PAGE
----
Sunday, June 12, 2016

Enter into the World of Embroidery

I knew it was going to happen one day where I would get my hands on an embroidery sewing machine. There were a few of the Viking 1070, 1100 and #1 where you can create, sew, and store your stitches and even a #1+ with the embroidery unit and hoop to make larger designs. But now I have found a Viking Husqvarna Designer 1 with so much more.

Our neighbors had a garage sale and I finally made it over on the third day of the sale. There she was, the familiar Husqvarna logo with a hard plastic cover, a large plastic case for the embroidery unit, and a very large box of "extras" that I couldn't begin to identify. On the tag it read: needs $300 computer chip. I walked away. Yes, I walked away. Then a man sitting at the sales table called out "I'll make you a deal!" and I was sorely tempted but said I'd have to think about it and really needed to mow my lawn.

Lawn was done, I was very hot and sweaty, but I made my way back and asked if the machine would work without the computer chip, thinking it might have been a problem with the embroidery unit and not the machine itself. So he calls his sister and seems to have a long conversation with her. It appears the offer he gave me was lower than she wanted to go but he would go ahead and sell it to me, his offer stands. We walked it back home and into the garage where he saw my workshop machines and cabinets, saying they were some really nice ones. Well, they were a far cry from the Designer 1 in all of it's plastic and outdated computer glory but I was very happy with my purchase. Here's what I got:

Viking Husqvarna Designer 1: the main part of the machine
Here she is, the basic head with buttons on the left for speed, raising and lowering the presser foot, start and stop (no foot control needed but I still have one anyway), thread cutter, and others I haven't used yet:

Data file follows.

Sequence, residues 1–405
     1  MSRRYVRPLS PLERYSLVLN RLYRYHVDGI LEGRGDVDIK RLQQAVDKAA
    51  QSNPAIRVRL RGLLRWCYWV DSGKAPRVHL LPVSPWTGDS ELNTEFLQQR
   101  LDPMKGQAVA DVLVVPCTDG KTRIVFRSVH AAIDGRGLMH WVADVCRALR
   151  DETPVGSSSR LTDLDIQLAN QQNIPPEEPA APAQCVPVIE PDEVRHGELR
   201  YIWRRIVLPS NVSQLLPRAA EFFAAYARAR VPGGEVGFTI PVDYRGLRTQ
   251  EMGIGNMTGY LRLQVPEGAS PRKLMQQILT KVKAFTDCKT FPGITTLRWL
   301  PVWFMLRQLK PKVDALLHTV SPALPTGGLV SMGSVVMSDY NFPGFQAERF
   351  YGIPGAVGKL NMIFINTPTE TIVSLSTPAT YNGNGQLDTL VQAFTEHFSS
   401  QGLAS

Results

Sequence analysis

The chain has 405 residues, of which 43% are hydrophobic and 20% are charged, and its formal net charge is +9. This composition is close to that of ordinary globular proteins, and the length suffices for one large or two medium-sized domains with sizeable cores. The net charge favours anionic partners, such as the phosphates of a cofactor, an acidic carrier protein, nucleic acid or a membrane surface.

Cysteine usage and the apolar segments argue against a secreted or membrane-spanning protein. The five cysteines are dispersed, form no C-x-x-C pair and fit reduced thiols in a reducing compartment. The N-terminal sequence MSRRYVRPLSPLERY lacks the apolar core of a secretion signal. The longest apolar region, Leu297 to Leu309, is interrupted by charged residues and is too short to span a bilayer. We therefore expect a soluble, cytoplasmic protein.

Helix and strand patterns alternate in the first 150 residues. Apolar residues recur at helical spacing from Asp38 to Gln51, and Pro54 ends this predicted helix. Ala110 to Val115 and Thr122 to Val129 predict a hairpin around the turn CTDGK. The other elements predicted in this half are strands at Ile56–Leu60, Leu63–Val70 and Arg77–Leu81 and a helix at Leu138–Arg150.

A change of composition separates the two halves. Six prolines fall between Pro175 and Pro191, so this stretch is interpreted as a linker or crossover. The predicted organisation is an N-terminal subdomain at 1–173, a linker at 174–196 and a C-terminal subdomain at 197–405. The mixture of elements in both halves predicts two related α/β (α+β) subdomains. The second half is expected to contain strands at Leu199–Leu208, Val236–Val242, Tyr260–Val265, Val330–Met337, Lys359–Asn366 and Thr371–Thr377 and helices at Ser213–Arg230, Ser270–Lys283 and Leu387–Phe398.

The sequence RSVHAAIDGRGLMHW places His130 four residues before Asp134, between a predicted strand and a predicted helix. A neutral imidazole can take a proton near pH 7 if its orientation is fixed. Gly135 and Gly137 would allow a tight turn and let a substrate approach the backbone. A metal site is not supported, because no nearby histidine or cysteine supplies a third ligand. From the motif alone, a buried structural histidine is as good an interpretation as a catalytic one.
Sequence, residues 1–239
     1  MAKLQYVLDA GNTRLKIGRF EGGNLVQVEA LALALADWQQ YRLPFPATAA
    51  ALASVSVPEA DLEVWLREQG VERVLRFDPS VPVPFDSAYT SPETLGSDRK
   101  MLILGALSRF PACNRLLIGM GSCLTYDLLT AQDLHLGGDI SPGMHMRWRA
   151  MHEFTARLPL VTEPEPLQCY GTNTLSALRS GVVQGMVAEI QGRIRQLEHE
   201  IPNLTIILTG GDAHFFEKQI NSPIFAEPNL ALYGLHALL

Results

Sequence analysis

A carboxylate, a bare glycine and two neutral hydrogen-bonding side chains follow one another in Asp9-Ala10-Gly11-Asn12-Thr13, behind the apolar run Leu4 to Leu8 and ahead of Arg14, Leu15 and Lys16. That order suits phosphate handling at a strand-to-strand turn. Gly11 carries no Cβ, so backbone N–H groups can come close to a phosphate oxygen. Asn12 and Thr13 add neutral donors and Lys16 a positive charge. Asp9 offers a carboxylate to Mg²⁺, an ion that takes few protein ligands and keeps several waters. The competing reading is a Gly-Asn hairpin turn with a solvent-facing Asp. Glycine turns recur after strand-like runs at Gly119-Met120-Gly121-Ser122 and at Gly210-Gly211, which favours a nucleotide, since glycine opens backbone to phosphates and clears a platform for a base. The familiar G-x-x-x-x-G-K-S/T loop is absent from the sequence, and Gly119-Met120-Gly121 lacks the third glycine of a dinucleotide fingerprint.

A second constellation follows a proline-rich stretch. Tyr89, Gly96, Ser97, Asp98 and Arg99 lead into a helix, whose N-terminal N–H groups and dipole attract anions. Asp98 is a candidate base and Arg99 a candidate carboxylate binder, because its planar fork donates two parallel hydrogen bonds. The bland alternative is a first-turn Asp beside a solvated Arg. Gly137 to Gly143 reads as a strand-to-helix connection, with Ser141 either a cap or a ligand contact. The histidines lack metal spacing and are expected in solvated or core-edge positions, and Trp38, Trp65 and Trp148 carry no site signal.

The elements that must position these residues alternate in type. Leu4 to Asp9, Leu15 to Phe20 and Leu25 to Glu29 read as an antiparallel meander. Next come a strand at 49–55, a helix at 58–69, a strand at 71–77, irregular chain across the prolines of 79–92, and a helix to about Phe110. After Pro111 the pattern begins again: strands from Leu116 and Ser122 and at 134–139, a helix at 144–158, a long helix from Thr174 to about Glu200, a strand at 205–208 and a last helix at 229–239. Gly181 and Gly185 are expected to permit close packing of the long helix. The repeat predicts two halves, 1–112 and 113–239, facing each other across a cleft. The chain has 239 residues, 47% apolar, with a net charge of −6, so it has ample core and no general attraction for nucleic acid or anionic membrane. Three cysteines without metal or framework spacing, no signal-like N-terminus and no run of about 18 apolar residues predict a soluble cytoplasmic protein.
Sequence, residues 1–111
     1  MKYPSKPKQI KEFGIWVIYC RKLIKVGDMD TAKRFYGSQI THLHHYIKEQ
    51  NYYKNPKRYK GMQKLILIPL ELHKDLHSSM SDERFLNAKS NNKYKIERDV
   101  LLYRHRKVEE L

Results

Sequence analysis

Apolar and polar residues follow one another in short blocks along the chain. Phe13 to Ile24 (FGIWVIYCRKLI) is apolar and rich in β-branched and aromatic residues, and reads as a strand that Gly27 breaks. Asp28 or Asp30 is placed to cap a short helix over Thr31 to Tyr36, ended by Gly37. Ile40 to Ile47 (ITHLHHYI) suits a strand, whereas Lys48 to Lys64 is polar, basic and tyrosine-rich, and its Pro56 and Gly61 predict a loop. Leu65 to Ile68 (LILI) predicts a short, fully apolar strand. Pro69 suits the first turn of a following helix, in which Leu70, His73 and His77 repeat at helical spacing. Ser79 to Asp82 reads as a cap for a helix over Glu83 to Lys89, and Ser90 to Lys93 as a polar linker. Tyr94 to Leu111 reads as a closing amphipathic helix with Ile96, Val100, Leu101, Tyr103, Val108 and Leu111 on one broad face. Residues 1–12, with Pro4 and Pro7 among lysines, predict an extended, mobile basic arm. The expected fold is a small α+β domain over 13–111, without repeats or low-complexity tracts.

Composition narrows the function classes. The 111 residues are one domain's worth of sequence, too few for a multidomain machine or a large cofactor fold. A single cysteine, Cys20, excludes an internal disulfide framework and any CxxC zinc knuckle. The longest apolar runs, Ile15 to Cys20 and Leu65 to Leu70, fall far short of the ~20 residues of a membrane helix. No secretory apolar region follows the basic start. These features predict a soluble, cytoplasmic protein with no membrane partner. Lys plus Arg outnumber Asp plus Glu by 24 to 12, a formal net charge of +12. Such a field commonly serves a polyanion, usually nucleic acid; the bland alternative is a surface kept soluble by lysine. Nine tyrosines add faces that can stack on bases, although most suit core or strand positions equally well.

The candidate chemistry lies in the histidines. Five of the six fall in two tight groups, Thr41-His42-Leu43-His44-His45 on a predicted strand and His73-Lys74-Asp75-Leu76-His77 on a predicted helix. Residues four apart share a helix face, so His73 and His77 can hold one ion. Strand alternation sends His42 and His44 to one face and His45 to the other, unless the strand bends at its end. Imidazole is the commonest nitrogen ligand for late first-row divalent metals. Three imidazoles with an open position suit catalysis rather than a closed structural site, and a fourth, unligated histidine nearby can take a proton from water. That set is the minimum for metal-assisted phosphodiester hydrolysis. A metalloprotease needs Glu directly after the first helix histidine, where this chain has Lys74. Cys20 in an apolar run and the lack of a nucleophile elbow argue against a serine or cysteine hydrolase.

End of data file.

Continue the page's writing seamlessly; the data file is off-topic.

Left side push buttons for basic features
The front opens up to show all of those changeable presser feet:
Snap on presser feet and bobbin storage
There is a similar compartment on the back with a sensor buttonhole foot, straight stitch needle plate, light bulb remover, and spool pin end caps. Wow. On the right side is a touch screen for changing settings and functions. I go ahead and plug it in, everything fires up, and I can stitch a straight line. Success! Then when I use the touch screen - - - nothing happens. I guess that's what the $300 computer chip is all about. I dig through the rest of the goodies to find:
Writing pad to connect to computer (comes with a mouse and stylist)

Books, manuals, ideas!

Embroidery unit in carrying case

3 hoops, including the Mega-Hoop!

Reader/Writer box

System 5 software upgrade
What is all of this stuff?

A/B box, VHS instructional tape

I think I'm going to find out! Contrary to the comments about the machine not working, I turn it off and on a bit and find out it does work. I try out the touch screen the can get it to stitch rather nicely:

Straight stitch, hears, alphabet, and even a leaf cluster
Now I'm mystified: it does work? Score! I go back later, after a nap (hey, I mowed the lawn when it was close to 90 degrees!) and reading the manual, but this time the touch screen doesn't work. And it didn't work several hours later. And it didn't work this morning. Now how's that for giving me just a taste of what it could do and then shutting back down? Yes, I can still straight stitch but no length adjustment so it doesn't function as it should until I get it fixed. It didn't take too much time for me to agree to take it back to where it was originally worked on to see about that computer chip but WOW, this is a nice machine that appears to have many upgrades. I also have a spare laptop ($10 at Salvation Army in Superior, Wisconsin) that runs Windows XP that I believe it the system used by the updated software. This might be a very big project but not a bad way to dabble into machine embroidery.

I love garage sales.

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